How to take care of your diamond ring
Diamonds may be forever, but it takes work to keep diamond jewelry looking its best. Poor care can lead to dull stones, or even worse, missing rocks.
“Diamond jewelry is durable but not indestructible,” says Mark Mann, a director for the Gemological Institute of America.
Here are some expert tips for helping your diamond ring last as long as your marriage:
Keep it clean
Rings need regular cleaning to maintain their sparkle. Diamonds can easily pick up grease, and that can change the appearance of the stone.
“Clean your rings frequently with warm water, mild soap and a soft brush,” says Mann.
The GIA recommends cleaning diamond rings once or twice a week by soaking in an ammonia-based household cleaner, such as window cleaner. Let the ring soak overnight and then brush it with a soft, clean toothbrush. For rings with fragile settings or estate jewelry, skip the brushing step.
If the ring has a lot of built-up dirt on the diamond, take it to a professional jeweler for ultrasonic cleaning.
Make sure it fits
Proper sizing may also be an issue with a ring. To resize a ring, a jeweler will cut the ring and either add or remove a piece. “You’re fusing metal one way or another,” says Steve Quick, of Steve Quick Jeweler stores in Chicago, adding that accurate sizing can be tricky.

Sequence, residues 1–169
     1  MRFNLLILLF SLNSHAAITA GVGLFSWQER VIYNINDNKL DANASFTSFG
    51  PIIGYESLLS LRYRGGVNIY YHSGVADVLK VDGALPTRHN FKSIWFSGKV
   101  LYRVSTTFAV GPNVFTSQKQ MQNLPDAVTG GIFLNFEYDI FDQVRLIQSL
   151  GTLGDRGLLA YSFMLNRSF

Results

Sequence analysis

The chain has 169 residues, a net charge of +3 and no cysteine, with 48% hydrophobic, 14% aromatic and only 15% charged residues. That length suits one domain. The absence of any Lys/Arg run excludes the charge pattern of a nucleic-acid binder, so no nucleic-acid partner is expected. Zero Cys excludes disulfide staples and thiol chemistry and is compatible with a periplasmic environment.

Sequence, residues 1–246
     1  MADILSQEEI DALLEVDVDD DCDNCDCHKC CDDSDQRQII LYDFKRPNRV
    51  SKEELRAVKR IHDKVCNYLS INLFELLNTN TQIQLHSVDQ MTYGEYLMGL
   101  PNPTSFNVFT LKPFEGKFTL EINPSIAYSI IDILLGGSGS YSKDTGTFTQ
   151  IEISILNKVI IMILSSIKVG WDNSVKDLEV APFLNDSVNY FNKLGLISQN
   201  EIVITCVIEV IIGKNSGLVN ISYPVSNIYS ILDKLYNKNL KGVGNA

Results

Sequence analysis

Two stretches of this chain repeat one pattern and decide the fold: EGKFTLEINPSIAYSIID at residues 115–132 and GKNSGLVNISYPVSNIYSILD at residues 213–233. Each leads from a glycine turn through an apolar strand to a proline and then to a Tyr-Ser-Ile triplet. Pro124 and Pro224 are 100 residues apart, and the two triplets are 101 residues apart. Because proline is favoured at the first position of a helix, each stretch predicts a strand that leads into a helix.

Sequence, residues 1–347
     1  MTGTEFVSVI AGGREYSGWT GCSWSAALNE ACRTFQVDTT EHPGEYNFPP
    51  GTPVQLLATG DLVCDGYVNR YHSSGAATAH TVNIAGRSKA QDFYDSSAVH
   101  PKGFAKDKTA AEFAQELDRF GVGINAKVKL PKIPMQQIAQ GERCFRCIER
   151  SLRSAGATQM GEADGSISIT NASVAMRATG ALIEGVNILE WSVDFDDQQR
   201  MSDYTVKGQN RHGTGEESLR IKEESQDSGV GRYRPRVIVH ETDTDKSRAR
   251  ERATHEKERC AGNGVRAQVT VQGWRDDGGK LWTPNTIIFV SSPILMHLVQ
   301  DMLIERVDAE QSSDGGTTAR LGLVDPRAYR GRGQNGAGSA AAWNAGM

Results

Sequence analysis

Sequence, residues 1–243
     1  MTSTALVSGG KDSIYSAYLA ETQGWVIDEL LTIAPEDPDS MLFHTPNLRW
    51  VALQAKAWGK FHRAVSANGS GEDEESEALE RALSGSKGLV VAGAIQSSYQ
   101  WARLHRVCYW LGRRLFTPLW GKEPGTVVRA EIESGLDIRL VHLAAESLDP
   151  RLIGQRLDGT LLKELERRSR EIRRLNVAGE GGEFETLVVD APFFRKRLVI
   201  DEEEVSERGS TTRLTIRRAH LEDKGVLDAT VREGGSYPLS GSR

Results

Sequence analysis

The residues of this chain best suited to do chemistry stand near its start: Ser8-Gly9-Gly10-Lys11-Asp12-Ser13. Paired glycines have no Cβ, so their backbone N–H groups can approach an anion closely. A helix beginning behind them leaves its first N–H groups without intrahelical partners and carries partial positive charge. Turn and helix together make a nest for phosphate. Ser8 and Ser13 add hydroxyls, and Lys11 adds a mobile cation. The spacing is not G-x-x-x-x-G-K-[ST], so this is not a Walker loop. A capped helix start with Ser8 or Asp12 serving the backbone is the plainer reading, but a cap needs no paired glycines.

“You really are trying to hit a moving target,” he says. “The size of your finger at 11 a.m. may not be the size of your finger at 7 p.m.” Quick recommends the best sizing is slightly tight once in a while and somewhat loose once in a while.
“If you need to resize your ring, have your finger measured at least three times at different times of the day, to ensure the best fit,” says Mann.
Tend to wear and tear
Everyday use can also do damage to a ring, including causing stones to fall out. Something as simple as opening a metal filing cabinet can hurt a ring if it’s done often enough. “Every shock you put into that metal is a shock to the ring’s system,” says Quick.
“If you wear your diamond rings every day, have them professionally cleaned and examined about every six months to prevent the loss of a stone,” says Mann.